“The earth was corrupt in God’s sight….[and he said], I have determined to make an end of all flesh…. I will destroy them with the earth…. But I will establish my covenant with you….”- 6:12-13, 18” 

Having satisfied his judgement, God decided not to destroy the world again and would allow life to continue even though people’s activity would provoke his wrath again.

After Noah and his family exited the Ark, the Lord blessed them by telling them to have offspring, the same blessing he gave the first humans—Adam and Eve—giving us a restart. 

Then as part of his covenant, God gave all animals as food, giving people complete authority over animal kind,

“The fear of you and the dread of you shall be upon every beast of the earth and upon every bird of the heavens, upon everything that creeps on the ground and all the fish of the sea.” - 9:2-3

This is most likely why God placed a bow in the sky—it signified the gift of hunting that people could use to consume animals. However, the bloodshed of another human would declare the slayer’s life forfeit- a promise of protection, from God’s own divine bow

“And for your lifeblood I will require a reckoning: from every beast I will require it and from man. From his fellow man I will require a reckoning for the life of man. Whoever sheds the blood of man, by man shall his blood be shed, for God made man in his own image.” - 9:6-7

Through the rainbow, God reminds us of his provision for meat as food, the blessing of offspring and the sanctity of human life- which points to humanity’s ultimate satisfaction in Heaven (like in Eden).


Animal kind

Not only did the covenant apply to humanity, but to all of animal kind,


“I establish my covenant with you…. And with every living creature that is with you” 9:10

Looking back at all the promises to never flood the whole earth again, it's clear that God made this promise not only for humanity, but also with every living creature. It’s clear that from before the flood began, God intended for creatures of all kinds to survive the flood (See Genesis 6:19-20, “two of every sort shall come in to you to keep them alive”).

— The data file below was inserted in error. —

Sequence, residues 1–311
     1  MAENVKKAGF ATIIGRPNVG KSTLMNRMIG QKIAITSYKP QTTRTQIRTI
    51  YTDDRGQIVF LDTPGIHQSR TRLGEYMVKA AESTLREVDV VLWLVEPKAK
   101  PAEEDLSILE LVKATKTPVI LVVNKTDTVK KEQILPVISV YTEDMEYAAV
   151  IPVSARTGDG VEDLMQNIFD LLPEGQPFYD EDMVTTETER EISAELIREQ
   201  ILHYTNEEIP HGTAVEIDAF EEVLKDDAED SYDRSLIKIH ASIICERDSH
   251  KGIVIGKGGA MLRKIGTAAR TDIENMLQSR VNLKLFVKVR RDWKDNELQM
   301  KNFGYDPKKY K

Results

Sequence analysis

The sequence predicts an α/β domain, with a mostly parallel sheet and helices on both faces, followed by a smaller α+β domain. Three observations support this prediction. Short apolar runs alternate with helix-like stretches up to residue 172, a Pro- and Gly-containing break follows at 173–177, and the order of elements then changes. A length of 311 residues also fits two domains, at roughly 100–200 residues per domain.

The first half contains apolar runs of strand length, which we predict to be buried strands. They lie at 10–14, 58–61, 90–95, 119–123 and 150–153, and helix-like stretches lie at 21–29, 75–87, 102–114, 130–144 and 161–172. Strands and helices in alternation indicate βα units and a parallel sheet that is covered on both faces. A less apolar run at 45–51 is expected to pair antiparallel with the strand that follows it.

Just like he blessed mankind with the blessing of having fruitful offspring, God told the animals, 

“Bring out with you every living thing that is with you of all flesh—birds and animals and every creeping thing that creeps on the earth—that they may swarm on the earth, and be fruitful and multiply on the earth.” 8:17 


While he allowed animal kind to reproduce as they did before the flood, they would now be the food for humankind. Yet, God gave them a promise of dignity and protection,

“You shall not eat flesh with its life, that is, its blood”.  9:4

For people to eat animals, they must not have any blood inside of them and they must be dead. 

The rainbow reminds us that God values the animals and gives them dignity as his creation—their death for food must be dignified and they are given similar (but lesser) blessings as mankind. 


So to summarize, when we see the rainbow we can be reminded that:

  1. We can trust that God is keeping his covenant promise.
  2. By reminding us he will never flood the entire world again, it points us to God’s coming judgement with fire.
  3. God reminds us of his provision for meat as food, the blessing of offspring and the sanctity of human life- which points to humanity’s ultimate satisfaction in Heaven
  4. God values the animals and gives them dignity as his creation—their death for food must be dignified and they are given similar (but lesser) blessings as mankind.